The essays in this collection discuss the meaning of execution in American law and culture. The four essays in section 1 focus on the politics of state killing. Anne Norton's essay, for example, discusses the historical and symbolic meaning of the death penalty from the perspective of political power. Hugo Adam Bedau examines social norms such as the "right to life" and "cruel and unusual punishment." He also explains the position of the retributivists and demonstrates some weaknesses in that position. Julie Taylor moves the discussion to Argentina. The reality of a "police state" where people disappear provides a challenging context to explore the impact "a killing state" can have on the social existence of violence. Jonathan Simon and Christina Spaulding's review of aggravating factors that appear to make the death penalty constitutionally legitimate is extremely well done. The three outstanding essays in section 2 focus on the meaning and impact of the death penalty in terms of constitutional and legal values. The remaining three essays look at the meaning of the death penalty in relation to democratic pluralism, the nature of "responsibility," and culture as represented in two recent movies about the death penalty, Last Dance and Dead Man Walking. This collection belongs in all libraries. M. A. Foley Marywood University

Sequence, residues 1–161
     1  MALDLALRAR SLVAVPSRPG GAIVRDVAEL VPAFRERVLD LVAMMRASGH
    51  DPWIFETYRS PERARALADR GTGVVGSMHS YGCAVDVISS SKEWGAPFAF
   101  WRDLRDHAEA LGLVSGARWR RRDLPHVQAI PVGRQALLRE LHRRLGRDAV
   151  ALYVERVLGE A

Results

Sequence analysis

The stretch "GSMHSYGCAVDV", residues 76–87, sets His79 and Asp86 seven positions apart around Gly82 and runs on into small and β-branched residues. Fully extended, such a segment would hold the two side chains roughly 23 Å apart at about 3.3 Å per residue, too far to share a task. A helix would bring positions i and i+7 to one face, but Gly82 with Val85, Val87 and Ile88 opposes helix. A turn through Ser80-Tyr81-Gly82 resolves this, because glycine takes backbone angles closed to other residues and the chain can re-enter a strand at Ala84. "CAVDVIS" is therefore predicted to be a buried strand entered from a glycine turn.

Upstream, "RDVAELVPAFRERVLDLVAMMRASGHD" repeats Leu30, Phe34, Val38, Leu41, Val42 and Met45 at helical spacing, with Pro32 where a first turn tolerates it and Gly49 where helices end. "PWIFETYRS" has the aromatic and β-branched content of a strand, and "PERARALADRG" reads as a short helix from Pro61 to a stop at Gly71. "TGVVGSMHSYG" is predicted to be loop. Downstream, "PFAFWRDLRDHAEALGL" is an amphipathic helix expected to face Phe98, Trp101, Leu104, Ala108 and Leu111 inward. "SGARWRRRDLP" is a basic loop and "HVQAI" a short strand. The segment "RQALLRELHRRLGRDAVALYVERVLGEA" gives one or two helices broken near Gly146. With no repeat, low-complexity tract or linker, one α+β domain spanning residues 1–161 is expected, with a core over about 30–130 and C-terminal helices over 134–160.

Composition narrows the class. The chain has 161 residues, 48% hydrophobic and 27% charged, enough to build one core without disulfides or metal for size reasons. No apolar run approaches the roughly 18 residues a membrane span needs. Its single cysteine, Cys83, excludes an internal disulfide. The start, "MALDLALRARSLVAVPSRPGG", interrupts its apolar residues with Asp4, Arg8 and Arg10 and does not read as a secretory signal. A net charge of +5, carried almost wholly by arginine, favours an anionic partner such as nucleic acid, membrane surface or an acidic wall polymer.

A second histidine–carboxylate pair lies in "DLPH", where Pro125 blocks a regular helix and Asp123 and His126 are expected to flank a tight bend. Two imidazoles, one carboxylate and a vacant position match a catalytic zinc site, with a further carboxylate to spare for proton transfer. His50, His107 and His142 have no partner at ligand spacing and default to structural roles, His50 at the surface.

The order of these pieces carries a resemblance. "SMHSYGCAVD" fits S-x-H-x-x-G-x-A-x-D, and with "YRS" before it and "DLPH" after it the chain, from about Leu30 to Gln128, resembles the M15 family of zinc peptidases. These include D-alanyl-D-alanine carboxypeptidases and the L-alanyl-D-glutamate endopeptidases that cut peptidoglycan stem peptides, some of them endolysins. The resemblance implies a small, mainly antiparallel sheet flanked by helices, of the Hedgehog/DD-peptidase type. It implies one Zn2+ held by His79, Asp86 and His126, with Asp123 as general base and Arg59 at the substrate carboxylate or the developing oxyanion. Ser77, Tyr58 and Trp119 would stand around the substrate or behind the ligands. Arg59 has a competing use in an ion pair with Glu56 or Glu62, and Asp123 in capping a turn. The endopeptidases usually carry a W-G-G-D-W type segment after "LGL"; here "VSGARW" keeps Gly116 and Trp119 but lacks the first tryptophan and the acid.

Table of Contents

Acknowledgmentsp. vii
Contributorsp. xi
Capital Punishment as a Legal, Political, and Cultural Fact: an Introductionp. 3
I The Politics of State Killingp. 25
1 After the Terror: Mortality, Equality, Fraternityp. 27
2 Abolishing the Death Penalty Even for the Worst Murderersp. 40